As a person's dementia worsens, they may require more care and support, and they may need to move into full-time or residential care. This could be because a care facility is better equipped to address the individual's needs. It could also be because something changes, making it harder for the dementia patient to remain at home.
Dementia care facilities have vastly improved in recent years, and many now provide an extraordinary level of care to improve the patient's quality of life. Your elderly loved one should go to a full time dementia care facility when they've developed severe memory loss, getting lost and behavioral changes.
Mobility Issues Frequently Happen
Patients with dementia and Alzheimer's disease have significantly reduced mobility as they progress. Both the patient and their caregiver are in grave danger.
Bathing, toileting, dressing, and other everyday tasks all include risks, but a facility is significantly better equipped to handle all of them securely. They have the necessary equipment, training, and personnel to help residents avoid accidents.
Managing Their Medication Is Taxing
When your loved one lives at home, you are responsible for all drug management. When many family caregivers gain a lot of knowledge while caring for a loved one with dementia, there are some indicators and difficulties that only medical professionals can detect and manage.
Even if you see a problem, getting them to the doctor for an evaluation and possibly a medication modification might be difficult. All drugs are carefully regulated in a long-term, dementia care facility like a memory care unit.
They are given a rigorous schedule, and the nursing staff watches for any signs that a resident's regimen should be adjusted. Once the doctor has approved the adjustments, they are usually implemented immediately.
They Get Lost More Often
Without their caregiver's knowledge, a loved one can simply leave the house, posing a life-threatening situation. Wandering is possible (and occurs) at institutions, although people are restricted to specific areas within the building and, in some cases, a secure area outside.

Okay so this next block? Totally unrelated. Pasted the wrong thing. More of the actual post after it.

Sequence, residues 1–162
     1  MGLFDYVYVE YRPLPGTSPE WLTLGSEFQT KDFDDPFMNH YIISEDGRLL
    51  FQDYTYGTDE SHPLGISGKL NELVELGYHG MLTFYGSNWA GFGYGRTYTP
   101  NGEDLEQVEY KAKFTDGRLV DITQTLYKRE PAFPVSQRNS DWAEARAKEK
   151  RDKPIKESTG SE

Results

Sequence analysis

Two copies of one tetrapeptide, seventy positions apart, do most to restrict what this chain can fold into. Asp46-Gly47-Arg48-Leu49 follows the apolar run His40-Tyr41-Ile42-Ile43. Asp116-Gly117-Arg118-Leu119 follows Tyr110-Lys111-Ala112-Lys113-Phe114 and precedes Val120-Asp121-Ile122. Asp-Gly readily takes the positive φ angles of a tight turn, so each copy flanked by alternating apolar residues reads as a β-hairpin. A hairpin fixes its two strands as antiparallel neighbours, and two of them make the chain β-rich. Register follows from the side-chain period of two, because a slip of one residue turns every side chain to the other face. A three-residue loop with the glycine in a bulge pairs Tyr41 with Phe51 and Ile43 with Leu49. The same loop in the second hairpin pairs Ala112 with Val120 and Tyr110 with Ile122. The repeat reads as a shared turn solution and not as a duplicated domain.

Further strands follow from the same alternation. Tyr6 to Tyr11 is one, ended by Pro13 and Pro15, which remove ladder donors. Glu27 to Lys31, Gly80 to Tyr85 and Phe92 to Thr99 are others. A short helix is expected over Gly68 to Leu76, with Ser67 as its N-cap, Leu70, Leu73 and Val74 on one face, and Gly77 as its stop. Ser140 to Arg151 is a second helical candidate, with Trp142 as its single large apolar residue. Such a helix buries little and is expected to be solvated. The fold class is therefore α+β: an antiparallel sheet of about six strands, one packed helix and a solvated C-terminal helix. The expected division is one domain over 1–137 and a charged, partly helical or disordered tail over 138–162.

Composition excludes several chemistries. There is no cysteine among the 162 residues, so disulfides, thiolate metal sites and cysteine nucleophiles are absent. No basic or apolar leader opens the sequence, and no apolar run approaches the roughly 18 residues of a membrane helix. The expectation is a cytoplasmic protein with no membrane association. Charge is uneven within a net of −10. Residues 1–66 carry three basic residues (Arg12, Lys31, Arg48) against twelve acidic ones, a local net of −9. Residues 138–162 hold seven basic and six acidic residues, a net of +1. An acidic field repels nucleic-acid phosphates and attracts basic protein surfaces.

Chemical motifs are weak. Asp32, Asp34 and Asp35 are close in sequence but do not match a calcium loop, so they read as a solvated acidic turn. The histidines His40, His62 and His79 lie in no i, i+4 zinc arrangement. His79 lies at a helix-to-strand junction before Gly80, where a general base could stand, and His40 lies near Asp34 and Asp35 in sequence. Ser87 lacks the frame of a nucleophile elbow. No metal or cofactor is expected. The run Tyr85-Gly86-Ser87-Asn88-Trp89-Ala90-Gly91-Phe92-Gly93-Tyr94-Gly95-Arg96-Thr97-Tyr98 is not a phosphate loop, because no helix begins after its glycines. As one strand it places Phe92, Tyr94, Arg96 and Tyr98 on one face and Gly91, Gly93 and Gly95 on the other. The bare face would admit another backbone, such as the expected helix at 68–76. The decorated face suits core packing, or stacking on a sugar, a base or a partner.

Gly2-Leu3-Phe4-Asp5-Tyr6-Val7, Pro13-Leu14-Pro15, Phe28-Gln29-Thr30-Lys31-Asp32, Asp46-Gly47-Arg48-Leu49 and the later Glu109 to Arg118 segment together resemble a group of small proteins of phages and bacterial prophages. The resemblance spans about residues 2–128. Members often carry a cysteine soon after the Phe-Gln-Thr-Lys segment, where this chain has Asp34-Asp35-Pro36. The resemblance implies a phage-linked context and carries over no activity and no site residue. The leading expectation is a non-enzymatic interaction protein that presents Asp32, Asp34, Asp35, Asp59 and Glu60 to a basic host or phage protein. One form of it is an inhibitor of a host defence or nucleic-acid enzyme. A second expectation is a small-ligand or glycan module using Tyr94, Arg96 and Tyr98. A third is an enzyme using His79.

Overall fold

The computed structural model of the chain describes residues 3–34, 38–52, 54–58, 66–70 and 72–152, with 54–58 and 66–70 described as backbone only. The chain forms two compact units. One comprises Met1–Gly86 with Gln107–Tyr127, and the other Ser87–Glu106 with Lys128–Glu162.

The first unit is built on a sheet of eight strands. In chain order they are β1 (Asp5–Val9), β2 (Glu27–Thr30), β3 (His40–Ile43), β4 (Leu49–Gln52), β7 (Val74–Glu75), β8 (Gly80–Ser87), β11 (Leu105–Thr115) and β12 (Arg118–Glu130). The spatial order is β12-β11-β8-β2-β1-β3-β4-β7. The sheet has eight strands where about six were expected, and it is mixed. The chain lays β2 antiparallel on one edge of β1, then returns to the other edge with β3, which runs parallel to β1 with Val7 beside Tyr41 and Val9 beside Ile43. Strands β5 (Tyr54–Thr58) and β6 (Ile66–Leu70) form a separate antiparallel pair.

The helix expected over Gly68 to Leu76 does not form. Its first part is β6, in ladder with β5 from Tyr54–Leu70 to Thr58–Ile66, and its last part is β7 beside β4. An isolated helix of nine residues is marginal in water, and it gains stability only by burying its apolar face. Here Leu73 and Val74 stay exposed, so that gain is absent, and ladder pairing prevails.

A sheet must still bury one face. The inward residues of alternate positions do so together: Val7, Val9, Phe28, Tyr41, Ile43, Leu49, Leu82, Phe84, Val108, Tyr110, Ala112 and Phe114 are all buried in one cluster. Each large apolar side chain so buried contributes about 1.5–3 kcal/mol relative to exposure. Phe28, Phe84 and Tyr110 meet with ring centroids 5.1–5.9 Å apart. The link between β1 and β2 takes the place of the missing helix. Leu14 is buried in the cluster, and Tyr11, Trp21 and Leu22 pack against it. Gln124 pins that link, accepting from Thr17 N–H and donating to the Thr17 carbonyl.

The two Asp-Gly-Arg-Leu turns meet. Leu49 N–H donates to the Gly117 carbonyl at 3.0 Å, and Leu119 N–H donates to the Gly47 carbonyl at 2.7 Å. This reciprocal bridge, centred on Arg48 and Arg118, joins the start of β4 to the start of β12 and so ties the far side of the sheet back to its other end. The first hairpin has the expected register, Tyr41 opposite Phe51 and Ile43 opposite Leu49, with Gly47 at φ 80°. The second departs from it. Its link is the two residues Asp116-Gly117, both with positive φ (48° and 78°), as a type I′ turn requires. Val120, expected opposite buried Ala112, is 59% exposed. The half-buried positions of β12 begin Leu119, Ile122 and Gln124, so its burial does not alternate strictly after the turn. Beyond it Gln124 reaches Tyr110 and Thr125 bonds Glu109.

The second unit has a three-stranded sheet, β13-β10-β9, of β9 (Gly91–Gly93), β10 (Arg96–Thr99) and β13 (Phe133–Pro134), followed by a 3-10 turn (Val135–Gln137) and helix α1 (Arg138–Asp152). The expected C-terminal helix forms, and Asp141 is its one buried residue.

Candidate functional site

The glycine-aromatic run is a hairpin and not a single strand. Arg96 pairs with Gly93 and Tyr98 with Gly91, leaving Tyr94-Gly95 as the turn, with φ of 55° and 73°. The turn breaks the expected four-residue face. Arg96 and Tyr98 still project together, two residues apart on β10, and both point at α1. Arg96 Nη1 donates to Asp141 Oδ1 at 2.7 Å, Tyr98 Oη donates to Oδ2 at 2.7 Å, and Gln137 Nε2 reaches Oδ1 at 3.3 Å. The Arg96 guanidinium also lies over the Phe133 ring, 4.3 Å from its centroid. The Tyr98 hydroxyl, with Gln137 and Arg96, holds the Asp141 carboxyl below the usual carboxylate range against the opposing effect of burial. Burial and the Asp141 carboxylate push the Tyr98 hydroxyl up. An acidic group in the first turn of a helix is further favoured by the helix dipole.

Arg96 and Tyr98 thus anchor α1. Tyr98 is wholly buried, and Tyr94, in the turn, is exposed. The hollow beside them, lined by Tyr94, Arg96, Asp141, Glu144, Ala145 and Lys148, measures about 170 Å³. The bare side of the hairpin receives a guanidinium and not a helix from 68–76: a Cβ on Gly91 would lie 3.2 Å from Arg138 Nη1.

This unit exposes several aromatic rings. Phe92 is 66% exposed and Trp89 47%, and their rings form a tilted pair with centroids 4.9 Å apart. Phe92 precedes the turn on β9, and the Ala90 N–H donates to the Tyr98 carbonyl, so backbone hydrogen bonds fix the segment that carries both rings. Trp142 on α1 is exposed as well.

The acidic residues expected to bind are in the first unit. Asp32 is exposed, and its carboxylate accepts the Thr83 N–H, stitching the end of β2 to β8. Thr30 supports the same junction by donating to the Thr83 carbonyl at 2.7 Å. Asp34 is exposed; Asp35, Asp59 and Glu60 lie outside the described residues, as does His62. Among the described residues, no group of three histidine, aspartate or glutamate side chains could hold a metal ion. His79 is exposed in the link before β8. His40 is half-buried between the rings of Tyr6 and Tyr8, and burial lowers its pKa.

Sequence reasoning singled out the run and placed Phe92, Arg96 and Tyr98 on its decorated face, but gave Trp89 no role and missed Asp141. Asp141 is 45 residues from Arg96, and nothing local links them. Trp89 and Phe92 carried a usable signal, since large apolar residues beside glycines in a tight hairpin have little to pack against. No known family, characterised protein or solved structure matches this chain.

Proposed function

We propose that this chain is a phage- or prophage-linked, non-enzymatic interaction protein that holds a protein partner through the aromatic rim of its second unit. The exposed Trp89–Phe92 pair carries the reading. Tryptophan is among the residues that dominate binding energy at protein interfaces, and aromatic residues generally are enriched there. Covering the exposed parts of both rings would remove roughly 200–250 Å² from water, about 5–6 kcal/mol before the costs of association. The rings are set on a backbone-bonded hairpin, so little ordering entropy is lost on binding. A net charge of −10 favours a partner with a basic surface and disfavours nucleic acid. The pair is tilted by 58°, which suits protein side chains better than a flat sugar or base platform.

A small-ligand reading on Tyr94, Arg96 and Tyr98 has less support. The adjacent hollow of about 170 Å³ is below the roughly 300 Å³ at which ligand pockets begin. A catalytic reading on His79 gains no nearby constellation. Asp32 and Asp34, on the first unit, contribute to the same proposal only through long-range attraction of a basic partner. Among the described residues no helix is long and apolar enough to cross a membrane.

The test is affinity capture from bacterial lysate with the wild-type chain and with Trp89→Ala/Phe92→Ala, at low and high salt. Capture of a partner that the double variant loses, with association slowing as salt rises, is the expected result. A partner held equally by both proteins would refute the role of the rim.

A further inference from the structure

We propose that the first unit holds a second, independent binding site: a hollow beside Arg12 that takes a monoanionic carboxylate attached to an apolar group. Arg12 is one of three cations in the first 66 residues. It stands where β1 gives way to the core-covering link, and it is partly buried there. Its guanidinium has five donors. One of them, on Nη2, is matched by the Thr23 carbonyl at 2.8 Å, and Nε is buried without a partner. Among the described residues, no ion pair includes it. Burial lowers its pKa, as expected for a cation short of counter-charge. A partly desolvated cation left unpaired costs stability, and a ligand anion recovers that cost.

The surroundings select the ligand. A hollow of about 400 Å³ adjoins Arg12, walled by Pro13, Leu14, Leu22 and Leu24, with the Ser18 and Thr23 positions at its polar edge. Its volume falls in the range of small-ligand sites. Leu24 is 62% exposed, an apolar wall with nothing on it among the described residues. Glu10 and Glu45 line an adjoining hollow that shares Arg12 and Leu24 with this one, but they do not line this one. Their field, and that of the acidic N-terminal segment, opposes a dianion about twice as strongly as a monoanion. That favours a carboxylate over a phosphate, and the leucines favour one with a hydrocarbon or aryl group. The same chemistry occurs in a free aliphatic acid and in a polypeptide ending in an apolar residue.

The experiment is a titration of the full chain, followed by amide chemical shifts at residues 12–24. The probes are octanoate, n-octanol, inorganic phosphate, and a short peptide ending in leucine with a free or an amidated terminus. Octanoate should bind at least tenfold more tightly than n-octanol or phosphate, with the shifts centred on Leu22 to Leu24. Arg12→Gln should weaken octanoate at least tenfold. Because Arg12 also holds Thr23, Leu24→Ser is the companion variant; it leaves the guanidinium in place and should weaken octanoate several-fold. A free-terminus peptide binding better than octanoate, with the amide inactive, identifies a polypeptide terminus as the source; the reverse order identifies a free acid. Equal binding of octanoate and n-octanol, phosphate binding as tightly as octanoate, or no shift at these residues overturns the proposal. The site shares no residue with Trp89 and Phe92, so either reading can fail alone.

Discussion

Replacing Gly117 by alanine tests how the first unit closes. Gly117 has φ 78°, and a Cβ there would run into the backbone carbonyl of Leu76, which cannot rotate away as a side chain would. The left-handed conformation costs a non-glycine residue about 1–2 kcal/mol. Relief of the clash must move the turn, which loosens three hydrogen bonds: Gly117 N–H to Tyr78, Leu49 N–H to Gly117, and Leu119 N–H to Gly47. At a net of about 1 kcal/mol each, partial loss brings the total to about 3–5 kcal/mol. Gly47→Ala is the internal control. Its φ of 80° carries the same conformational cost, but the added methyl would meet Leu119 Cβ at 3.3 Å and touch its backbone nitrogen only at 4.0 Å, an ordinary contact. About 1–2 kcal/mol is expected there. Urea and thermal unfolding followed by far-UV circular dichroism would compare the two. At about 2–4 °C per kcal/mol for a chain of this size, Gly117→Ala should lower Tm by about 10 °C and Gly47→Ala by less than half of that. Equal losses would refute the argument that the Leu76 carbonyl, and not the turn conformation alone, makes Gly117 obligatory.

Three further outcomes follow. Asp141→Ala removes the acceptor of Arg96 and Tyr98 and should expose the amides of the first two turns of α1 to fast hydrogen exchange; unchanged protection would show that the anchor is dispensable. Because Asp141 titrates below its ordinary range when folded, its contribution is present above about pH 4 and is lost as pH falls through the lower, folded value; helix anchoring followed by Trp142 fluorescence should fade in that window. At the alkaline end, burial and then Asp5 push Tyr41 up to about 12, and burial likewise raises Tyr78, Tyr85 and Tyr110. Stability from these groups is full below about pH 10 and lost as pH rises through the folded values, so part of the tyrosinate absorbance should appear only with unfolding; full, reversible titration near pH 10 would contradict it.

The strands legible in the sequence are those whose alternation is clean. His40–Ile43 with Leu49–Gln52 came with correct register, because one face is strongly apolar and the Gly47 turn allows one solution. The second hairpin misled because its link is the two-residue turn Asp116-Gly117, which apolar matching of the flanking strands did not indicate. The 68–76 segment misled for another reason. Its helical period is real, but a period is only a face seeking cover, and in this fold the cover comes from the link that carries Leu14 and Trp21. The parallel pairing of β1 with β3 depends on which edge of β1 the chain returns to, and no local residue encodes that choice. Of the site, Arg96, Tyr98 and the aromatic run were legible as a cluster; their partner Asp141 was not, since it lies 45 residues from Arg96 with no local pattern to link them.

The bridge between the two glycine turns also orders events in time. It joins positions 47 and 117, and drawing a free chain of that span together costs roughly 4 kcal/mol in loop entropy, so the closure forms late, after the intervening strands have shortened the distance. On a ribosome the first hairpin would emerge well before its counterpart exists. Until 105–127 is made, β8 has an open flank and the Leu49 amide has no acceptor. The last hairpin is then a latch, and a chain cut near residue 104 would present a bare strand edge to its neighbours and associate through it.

This is why dementia patients and their families benefit from supervised memory care. Residents are free to go around, but the facility is closely monitored and frequently has additional security measures to prevent them from straying away and becoming lost or injured.
The amount of employees available to look for someone who has wandered considerably increases the reaction time when they do.
Who Decides When A Dementia Patient Moves To A Care Home?
In certain circumstances, the person with dementia will be able to decide whether or not they need to enter a care facility on their own. If this is the case, they should be allowed to make their own decision with any assistance they require.
However, by the time a person with dementia requires the degree of care provided by a care home, they have often lost the ability (referred to as "mental capacity") to make this decision.
If the person cannot make this decision, someone else will have to do it on their behalf. This is normally the person's attorney, if they have one, or their welfare deputy, if they have one, under a health and welfare lasting power of attorney. Any attorney or deputy must make decisions in the person's best interests.
It may be time to explore a nursing home if you believe that while you would prefer to keep your loved one at home, you cannot provide them with a good quality of life. Long term dementia care facilities like memory care units and nursing homes can provide a personalized treatment plan, a nutritious cuisine, round-the-clock care, and monitoring.
To understand how night care tips for patients with dementia, read more on Senior Strong.
William Rivers is an editor with a master’s degree in Human Services Counseling at Maine State University. He has more than 20 years of experience working in the senior healthcare industry.